Tag Archives: rainforest

World’s Most Biodiverse Location Announced

Image courtesy of Wikimedia Creative Commons
Image courtesy of Wikimedia Creative Commons

This enviable title has been awarded to Manu National Park in Peru, now believed to contain the greatest variety of terrestrial species on  Earth.  Following exhaustive research conducted across 16 of the most biodiverse places in the world, using 60 camera traps, Manu’s pristine mosaic of 14 different ecosystems came out on top.  The study was carried out by the Tropical Ecology Assessment and Monitoring [TEAM] Network, utilising systematic field station data collection procedures honed over many years to ensure the utmost veracity.  Their work serves to identify trends in species diversity, which can then inform and shape conservation strategy.

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Hydropower Endangering Amazonian Wildlife

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A recent study conducted by the University of East Anglia has found alarming rates of vertebrate species decline, following the creation of Brazil’s Balbina Dam.  Its construction fragmented vast areas of unbroken and often pristine rainforest into what is now an archipelago of 3,546 islands.  The report’s co-author Carlos Peres, a Brazilian professor from the university’s School of Environmental Sciences is deeply concerned with the findings:  “We’re watching extinction unfold right in front of us”.  “We uncovered astounding local extinction rates”, despite much of the area being part of a biological reserve and therefore benefiting from hunting protection.   Continue reading Hydropower Endangering Amazonian Wildlife

The Tiger Quoll

Also known as the Spotted-tailed Quoll, this voracious predator is endemic to Australia and Tasmania where it’s classed as ‘Near Threatened’ by the IUCN. It’s immensely strong for its size and is equipped with carnivorous teeth which enables it to prey upon creatures such as Possums, Bandicoots, Pademelons, Gliders and rats. It also feeds on reptiles, birds and insects and is known to take carrion. Predation is carried out on the ground and in the trees.
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This week’s spotlight on obscurity falls on two of Madagascar’s least known and most elusive mammals.  I’ve chosen to put them together primarily to clearly differentiate between them, as they can be easily confused – even by experts and mammal enthusiasts like myself.  Also, they’re both Malagasy carnivores and do have some morphological and behavioural similarities.  Both have given taxonomists a headache for years, but in simple terms; the Falanouc is mongoose-like, whereas the Fanaloka is more closely related to the civet family and has a fox-like appearance.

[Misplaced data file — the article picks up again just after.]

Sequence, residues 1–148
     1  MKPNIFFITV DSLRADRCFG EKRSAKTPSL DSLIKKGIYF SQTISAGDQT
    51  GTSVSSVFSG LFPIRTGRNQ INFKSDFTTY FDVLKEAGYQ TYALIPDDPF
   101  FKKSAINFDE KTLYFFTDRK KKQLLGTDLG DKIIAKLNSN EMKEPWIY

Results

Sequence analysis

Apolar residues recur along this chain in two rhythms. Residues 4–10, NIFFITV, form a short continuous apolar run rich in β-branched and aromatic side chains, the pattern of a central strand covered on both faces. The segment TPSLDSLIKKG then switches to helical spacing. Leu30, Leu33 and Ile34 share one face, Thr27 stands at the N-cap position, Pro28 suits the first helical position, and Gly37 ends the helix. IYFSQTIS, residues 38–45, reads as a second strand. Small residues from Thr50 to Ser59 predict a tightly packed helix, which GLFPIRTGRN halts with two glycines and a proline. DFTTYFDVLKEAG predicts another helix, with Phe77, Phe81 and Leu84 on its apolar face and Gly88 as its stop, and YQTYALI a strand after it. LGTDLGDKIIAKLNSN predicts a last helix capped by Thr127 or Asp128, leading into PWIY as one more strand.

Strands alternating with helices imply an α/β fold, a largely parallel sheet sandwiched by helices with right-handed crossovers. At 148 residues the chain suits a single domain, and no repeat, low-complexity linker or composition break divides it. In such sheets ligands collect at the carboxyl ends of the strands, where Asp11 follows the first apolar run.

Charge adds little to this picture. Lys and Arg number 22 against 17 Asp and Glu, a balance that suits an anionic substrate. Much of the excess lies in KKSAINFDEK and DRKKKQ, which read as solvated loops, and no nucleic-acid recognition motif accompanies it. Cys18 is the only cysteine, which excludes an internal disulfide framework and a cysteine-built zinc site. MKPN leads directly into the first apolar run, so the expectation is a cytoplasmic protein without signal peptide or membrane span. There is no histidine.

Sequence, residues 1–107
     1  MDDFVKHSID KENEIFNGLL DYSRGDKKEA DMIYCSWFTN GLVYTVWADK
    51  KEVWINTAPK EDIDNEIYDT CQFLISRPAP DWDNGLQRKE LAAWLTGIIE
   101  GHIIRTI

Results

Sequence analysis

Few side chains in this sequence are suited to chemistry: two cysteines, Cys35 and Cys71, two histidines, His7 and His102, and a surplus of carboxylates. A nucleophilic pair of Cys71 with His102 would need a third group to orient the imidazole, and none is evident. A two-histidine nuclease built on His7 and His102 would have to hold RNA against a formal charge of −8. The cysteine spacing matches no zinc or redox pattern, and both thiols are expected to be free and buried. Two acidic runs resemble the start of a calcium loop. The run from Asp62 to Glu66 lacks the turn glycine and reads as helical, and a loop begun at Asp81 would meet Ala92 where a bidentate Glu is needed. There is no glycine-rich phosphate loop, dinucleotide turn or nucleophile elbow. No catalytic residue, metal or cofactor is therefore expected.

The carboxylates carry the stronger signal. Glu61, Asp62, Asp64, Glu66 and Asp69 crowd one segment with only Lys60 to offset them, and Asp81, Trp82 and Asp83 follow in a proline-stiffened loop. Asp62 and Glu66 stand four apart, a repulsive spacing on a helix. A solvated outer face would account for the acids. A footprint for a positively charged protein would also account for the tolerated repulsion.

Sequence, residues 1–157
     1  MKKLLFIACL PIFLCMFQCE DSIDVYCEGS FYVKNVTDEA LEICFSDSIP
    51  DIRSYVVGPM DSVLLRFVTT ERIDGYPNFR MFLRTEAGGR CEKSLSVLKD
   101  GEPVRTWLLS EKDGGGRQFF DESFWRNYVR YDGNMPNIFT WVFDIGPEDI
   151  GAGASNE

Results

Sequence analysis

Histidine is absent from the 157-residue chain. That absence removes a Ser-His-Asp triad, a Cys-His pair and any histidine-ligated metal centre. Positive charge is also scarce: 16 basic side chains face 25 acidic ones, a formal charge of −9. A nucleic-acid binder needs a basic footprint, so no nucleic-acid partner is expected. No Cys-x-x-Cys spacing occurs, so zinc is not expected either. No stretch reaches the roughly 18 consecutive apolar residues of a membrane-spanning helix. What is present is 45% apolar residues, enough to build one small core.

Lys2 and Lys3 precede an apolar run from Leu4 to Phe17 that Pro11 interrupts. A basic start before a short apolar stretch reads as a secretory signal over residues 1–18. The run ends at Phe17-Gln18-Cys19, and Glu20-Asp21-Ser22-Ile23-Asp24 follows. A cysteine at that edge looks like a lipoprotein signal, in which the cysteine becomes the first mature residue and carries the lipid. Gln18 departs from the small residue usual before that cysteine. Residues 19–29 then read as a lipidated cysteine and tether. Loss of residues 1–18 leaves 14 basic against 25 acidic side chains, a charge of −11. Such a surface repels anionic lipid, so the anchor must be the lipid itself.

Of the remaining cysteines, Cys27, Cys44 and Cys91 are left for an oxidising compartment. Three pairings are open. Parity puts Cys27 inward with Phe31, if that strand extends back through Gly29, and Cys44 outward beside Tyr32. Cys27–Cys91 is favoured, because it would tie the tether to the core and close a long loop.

Here’s the second instalment of my weekly look into the lesser known mammal species, followed by some footage of one feeding in the wild.

A member of the family, Procyonidae, which includes species such as the Crab-eating Raccoon, Mountain Coati and Olingo; it’s found from southern Mexico to western Panama.  Nocturnal, solitary and tree-dwelling with a sparsely distributed population, it is rarely seen in the tropical rainforest and montane habitats it favours.  Being an omnivore its diet is varied, mainly comprising of fruits, insects, reptiles, amphibians and small rodents.

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Image courtesy of WWF.

My recent feature on new species distribution reminded me about a couple of cryptic remote camera photographs which appeared in the international media at the end of 2005, deep in the Bornean rainforest.  The two images showed a creature unknown to zoologists worldwide:  even the local indigenous people didn’t recognise it.  It caused a sensation at the time, but it occurred to me that virtually nothing further about it has been discovered since, as far as I’m aware.  There has been much speculation and conjecture, but little fact or conclusion; we do only have two dark photos of mediocre quality to work with.


Rare Footage of African Golden Cat

A remote camera in the Gashaka Gumti National Park, Nigeria has recorded a new glimpse of one of the world’s most elusive wild cat species- the African Golden Cat.  The cameras have been set up as part of the Act for Wildlife bio-diversity project, a campaign led by Chester Zoo.  It is the first time this most secretive of creatures has been captured on camera in this area.

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